The mitochondrion is one of the key organelles for maintaining cellular homeostasis. External environmental stimuli and internal regulatory processes may alter the metabolism and functions of mitochondria. To understand these activities of mitochondria, it is critical to probe the key metabolic molecules inside these organelles. In this study, we used label-free chemical imaging modalities including coherent anti-Stokes Raman scattering and multiphoton-excited fluorescence to investigate the mitochondrial activities in living cancer cells. We found that hypothermia exposure tends to induce fatty-acid (FA) accumulation in some mitochondria of MIAPaCa-2 cells. Autofluorescence images show that the FA-accumulated mitochondria also have abnormal metabolism of nicotinamide adenine dinucleotide hydrogen, likely induced by the dysfunction of the electron transport chain. We also found that when the cells were re-warmed to physiological temperature after a period of hypothermia, the FA-accumulated mitochondria changed their structural features. To the best of our knowledge, this is the first time that FA accumulation in mitochondria was observed in live cells. Our research also demonstrates that multimodal label-free chemical imaging is an attractive tool to discover abnormal functions of mitochondria at the single-organelle level and can be used to quantify the dynamic changes of these organelles under perturbative conditions.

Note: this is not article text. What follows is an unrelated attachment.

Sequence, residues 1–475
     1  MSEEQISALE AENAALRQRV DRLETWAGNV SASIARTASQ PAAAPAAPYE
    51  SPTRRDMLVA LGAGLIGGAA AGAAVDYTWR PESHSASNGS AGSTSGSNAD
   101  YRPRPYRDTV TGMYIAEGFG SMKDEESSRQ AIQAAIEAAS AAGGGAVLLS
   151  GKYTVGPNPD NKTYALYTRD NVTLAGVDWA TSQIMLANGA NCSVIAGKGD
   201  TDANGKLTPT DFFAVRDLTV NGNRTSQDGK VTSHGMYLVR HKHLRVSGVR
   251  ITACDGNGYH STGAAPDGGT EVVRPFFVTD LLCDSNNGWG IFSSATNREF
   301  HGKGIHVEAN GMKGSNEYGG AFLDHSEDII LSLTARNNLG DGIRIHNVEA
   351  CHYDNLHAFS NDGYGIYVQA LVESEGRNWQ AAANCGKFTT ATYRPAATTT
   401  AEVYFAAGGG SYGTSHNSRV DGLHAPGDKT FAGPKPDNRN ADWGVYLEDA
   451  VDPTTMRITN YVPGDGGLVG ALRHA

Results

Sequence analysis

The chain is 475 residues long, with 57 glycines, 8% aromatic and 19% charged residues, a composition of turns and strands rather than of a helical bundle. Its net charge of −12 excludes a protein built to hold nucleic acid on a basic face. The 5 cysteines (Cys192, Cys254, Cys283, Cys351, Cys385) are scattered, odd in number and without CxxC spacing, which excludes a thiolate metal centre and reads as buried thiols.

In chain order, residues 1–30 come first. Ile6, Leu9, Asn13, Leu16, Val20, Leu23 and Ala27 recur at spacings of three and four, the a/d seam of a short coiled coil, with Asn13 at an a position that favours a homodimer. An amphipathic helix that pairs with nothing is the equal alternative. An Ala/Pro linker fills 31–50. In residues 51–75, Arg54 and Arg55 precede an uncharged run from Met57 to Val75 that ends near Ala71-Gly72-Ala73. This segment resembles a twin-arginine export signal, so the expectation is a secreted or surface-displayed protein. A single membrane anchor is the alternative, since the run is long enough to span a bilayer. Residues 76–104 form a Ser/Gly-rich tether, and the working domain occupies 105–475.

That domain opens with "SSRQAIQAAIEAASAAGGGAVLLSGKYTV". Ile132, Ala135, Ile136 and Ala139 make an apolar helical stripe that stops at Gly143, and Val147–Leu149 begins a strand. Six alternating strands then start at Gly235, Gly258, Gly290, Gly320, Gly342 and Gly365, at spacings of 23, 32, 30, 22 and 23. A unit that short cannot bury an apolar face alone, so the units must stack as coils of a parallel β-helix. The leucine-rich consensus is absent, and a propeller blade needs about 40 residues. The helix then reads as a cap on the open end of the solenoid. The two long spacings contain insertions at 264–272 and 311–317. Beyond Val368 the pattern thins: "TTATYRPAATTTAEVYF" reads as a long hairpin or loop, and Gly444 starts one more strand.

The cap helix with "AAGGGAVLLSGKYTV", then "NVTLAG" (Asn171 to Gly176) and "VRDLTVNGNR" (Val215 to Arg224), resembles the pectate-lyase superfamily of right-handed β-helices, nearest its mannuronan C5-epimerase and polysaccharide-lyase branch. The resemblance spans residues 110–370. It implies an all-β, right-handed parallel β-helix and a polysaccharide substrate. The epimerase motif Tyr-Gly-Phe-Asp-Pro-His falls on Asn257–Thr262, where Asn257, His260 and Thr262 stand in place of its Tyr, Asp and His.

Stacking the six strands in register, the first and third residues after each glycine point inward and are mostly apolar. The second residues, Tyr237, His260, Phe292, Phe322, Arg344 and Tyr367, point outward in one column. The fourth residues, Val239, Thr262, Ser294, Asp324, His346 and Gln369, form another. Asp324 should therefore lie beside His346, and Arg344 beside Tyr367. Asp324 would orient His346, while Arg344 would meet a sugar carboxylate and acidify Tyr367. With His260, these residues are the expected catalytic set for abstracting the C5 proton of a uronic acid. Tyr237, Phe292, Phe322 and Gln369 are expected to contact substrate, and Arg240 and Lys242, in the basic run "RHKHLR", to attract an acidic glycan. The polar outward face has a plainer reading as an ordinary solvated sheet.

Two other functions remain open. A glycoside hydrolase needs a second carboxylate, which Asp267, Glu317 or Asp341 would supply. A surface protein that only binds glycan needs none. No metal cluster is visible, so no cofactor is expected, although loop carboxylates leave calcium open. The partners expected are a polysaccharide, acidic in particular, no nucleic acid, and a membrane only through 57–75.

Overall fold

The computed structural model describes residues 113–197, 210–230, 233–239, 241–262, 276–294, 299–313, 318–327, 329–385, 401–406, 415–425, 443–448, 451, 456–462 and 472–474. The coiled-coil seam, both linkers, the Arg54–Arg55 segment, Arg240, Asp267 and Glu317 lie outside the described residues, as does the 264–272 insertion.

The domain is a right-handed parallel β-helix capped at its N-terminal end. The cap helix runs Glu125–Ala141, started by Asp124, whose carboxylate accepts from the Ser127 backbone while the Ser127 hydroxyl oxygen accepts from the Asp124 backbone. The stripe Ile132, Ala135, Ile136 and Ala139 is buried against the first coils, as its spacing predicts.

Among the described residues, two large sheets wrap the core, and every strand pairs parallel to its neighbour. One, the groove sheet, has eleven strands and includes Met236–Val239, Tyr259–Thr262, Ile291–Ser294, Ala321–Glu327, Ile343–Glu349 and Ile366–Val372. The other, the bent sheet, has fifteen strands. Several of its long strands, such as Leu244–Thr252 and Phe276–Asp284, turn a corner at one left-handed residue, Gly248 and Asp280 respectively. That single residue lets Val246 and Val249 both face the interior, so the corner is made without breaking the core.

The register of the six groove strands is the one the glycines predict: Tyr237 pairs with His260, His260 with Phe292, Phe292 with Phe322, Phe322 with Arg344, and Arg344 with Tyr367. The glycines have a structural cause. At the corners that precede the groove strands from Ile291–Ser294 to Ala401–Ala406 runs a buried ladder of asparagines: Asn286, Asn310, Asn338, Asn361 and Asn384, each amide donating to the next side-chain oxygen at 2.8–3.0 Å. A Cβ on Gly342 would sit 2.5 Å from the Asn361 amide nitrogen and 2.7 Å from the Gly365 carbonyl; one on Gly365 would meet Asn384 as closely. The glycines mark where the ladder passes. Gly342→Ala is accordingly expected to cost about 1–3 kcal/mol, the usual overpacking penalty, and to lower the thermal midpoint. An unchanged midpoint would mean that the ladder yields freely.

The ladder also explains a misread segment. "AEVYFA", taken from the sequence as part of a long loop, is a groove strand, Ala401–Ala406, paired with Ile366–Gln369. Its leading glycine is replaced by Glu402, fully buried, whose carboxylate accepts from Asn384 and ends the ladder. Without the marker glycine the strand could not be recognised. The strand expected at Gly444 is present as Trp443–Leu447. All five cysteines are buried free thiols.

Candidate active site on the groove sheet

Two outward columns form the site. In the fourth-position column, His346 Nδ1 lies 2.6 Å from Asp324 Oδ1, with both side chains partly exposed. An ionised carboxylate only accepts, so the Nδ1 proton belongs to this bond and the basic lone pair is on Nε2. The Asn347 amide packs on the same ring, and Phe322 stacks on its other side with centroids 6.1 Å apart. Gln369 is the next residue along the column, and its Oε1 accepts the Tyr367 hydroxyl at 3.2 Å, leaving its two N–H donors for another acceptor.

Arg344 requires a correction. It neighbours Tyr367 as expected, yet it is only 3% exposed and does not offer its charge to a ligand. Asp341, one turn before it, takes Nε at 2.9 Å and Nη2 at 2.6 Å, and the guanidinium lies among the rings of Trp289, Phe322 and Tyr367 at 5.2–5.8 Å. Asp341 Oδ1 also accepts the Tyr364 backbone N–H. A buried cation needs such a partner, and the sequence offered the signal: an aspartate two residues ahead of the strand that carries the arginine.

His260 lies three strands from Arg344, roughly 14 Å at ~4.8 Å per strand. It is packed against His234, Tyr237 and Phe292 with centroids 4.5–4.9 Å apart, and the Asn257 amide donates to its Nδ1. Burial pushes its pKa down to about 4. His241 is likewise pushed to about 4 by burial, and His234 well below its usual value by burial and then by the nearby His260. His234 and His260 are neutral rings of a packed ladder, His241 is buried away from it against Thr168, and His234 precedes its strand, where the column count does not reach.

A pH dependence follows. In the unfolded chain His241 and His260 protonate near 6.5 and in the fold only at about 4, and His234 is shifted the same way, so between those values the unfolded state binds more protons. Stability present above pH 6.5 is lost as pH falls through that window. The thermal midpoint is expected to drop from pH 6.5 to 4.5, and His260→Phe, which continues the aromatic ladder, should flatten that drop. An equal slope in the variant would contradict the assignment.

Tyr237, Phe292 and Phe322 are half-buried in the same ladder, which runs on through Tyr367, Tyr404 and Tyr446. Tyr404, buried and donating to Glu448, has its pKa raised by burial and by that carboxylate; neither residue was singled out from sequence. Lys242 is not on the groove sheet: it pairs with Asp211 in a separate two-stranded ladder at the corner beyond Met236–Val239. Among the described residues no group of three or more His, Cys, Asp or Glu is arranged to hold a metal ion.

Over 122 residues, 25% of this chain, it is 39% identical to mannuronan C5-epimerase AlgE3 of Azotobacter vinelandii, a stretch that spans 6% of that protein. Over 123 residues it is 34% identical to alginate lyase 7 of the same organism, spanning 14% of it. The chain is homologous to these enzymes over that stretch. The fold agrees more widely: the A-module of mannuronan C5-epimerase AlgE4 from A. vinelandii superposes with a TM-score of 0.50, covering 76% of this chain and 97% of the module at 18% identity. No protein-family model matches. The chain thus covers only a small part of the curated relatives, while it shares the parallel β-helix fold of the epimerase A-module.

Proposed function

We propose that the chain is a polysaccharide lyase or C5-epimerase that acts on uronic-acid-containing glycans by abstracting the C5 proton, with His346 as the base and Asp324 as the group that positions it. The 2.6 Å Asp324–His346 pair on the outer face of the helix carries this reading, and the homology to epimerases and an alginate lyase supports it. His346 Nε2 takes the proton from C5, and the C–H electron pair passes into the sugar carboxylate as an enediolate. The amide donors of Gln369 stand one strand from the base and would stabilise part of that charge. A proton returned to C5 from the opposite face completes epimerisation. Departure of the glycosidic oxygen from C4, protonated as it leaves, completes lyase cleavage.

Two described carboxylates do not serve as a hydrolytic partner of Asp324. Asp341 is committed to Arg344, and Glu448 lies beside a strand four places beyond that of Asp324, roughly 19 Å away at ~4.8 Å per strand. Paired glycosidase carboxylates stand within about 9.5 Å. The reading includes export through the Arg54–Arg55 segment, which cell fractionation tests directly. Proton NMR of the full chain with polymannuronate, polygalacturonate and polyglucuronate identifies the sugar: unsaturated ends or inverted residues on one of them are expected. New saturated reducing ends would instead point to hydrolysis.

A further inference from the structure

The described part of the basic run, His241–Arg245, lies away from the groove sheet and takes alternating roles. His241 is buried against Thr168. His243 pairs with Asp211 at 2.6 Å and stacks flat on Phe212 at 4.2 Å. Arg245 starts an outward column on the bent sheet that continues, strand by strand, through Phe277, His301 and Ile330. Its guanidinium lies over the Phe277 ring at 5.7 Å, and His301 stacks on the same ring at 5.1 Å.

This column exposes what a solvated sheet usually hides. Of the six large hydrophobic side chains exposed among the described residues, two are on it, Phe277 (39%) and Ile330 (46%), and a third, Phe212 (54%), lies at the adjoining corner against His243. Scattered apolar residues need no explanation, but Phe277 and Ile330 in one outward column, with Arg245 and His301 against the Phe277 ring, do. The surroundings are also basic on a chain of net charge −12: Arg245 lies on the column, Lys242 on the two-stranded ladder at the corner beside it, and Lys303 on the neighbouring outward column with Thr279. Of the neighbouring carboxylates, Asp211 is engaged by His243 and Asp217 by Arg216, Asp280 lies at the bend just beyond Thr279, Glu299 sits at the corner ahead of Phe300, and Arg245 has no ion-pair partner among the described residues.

8. Development. 2021 Mar 25. pii: dev.199026. [Epub ahead of print]
      Mammalian heart development relies hugely on cardiomyocyte mitochondrial maturation and metabolism. Embryonic cardiomyocytes make metabolic shift from anaerobic glycolysis to oxidative metabolism by mid-gestation. The VHL-HIF signaling favors anaerobic glycolysis but this process subsides by E14.5. Meanwhile, the oxidative metabolism becomes activated but its regulation is largely elusive. Here, we first pinpointed a critical temporal window for mitochondrial maturation and metabolic shift, and uncovered the pivotal role of the SRCAP chromatin remodeling complex in these processes. Disruption of this complex massively suppressed the transcription of key genes required for the tricarboxylic acid (TCA) cycle, fatty acid β-oxidation and ubiquinone biosynthesis, and destroyed respirasome stability. Furthermore, we found that the SRCAP complex functioned through H2A.Z deposition to activate transcription of metabolic genes. These findings unveiled the important physiological functions of SRCAP complex in regulating mitochondrial maturation and promoting oxidative metabolism during heart development, and shed new light on the transcriptional regulation of ubiquinone biosynthesis.
    Keywords:  H2A.Z; Heart development; Metabolism; Mitochondria; SRCAP chromatin remodeling complex; Znhit1